Sometimes all it takes is a wagging tail and a gentle paw to brighten a day.
Meet Moby, a white labradoodle who brings both smiles and tears as he works his way around Shuswap Lake General Hospital every Wednesday.
Moby is a certified St. John Ambulance Therapy Dog, and Moby does his job well, says owner Joyce Polley.
And “Dr. Dog” just seems to know what to do, she says.
“One fella said ‘I sure do appreciate you Moby; I enjoyed this visit very much,” says Polley, noting the atmosphere in one room might be light and positive, while the mood may be much more sombre in another patient’s room. “We were called into a palliative patient’s room. Moby walked over to the bed, put his head on the bed for a moment and went back to the family member, who wrapped her arms around him and just cried and cried.”
Polley tells about a visit to the emergency room when a fellow who had injured his hands walked over to Moby and made the only gesture he could, laying two fingers on the dog’s head.
“People seem to absorb a sense a of calm from Moby,” she says. “I often stand back and let Moby do his thing. We take the cues from him because he seems to know what to do.”
Donna Goodwin is another “Dr. Dog” fan.
Approaching the end of a series of chemo treatments, Goodwin says everyone in the chemo room last Wednesday brightened visibly when Moby made his tail-wagging entrance.
“That is such a gorgeous dog; I was in three weeks ago and he gave me a big kiss,” she says. “I am an animal person and he’s a gentle sweetie pie, so well-mannered, and he goes around and puts his head on people’s laps.”
Polley got Moby when he was a year-and-a half-old from a good kennel, but says he was “one wild and crazy guy.”
She took him to dog obedience classes and was allowed to practice his therapy skills in one of the unoccupied rooms of a care home she was working in.
On the day he went to get certified, all the care aides were asking “has Moby passed?”
That was almost eight years ago. Since then Moby and Polley have visited schools and seniors’ residences, beginning hospital visits about a year-and-a-half ago.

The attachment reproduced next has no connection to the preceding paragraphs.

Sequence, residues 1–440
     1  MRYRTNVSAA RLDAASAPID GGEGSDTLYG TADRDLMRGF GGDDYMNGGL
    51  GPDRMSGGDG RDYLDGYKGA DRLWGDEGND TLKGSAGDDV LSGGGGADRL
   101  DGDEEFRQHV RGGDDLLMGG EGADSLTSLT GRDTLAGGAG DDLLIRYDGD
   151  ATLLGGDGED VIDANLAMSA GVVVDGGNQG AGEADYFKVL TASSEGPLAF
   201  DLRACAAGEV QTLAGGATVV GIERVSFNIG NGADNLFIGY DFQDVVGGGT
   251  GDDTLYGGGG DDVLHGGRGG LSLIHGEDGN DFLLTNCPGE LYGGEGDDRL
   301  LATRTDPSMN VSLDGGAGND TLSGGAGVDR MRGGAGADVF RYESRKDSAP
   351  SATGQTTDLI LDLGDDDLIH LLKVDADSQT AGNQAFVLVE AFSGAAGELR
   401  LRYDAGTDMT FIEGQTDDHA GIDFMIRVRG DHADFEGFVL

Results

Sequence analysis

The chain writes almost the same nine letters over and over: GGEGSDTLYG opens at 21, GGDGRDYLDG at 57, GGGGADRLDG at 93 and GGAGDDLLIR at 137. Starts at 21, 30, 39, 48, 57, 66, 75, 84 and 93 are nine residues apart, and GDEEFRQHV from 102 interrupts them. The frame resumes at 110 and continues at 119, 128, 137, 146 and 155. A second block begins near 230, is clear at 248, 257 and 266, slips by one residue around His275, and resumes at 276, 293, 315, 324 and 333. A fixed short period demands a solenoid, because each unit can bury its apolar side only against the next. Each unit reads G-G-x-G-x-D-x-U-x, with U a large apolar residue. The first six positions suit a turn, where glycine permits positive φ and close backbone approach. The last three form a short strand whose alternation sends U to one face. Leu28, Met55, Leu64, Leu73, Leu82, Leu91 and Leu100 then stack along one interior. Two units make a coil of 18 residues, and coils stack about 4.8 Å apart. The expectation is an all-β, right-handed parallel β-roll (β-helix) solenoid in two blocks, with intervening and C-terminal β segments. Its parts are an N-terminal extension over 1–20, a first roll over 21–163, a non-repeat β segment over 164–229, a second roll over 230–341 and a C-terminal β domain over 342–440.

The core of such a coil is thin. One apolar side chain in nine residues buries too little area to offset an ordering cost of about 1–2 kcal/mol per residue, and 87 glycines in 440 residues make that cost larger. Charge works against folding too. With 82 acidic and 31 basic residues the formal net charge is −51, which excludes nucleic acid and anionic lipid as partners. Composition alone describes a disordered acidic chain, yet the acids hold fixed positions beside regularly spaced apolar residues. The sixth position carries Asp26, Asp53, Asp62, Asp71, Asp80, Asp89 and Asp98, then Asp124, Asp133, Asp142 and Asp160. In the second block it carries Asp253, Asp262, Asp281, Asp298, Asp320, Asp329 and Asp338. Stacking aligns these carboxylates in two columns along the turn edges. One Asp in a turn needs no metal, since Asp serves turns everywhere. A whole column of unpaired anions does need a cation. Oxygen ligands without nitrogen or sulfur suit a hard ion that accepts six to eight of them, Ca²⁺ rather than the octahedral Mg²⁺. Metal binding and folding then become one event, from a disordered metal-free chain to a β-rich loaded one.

“Even though he was pretty high strung, I knew he was a gentle dog and once he started working, he just seemed to know what to do.”
And so does Bean. The beagle and his owner Gail Viens visit Bastion Place on Mondays, where they are very well received.
The residents can easily relate to Bean, who has ALS and is wheeled around on his own chair on wheels.
Robin Greencorn, co-ordinator of volunteer services for Shuswap Lake General Hospital and Bastion Place, has worked with St. John Therapy Dogs in the past.
“I really believe in the program; in many cases have seen what it can do in residential sites,” says Greencorn who has worked in health care for more than 25 years. “It brightens their day, brings them out of their shell and makes them smile.”
Greencorn says she has seen the therapy dog program working at all levels of care and she wanted to give it a try in the acute-care setting.
“Often in acute care, we don’t have time to address the spiritual needs of patients, especially at Christmas,” she says, pointing out the hospital has an amazing medical staff and Moby’s visits brighten their day too. “When we bring in Moby, he helps with emotional healing.”
Greencorn calls Polley an amazing handler and co-ordinator of eight therapy dogs who work in Salmon Arm and Sicamous.
“When I brought it in, I had no idea it would be so successful,” adds Greencorn. “The response has far exceeded expectations; Moby has really made Shuswap Lake General Hospital special.”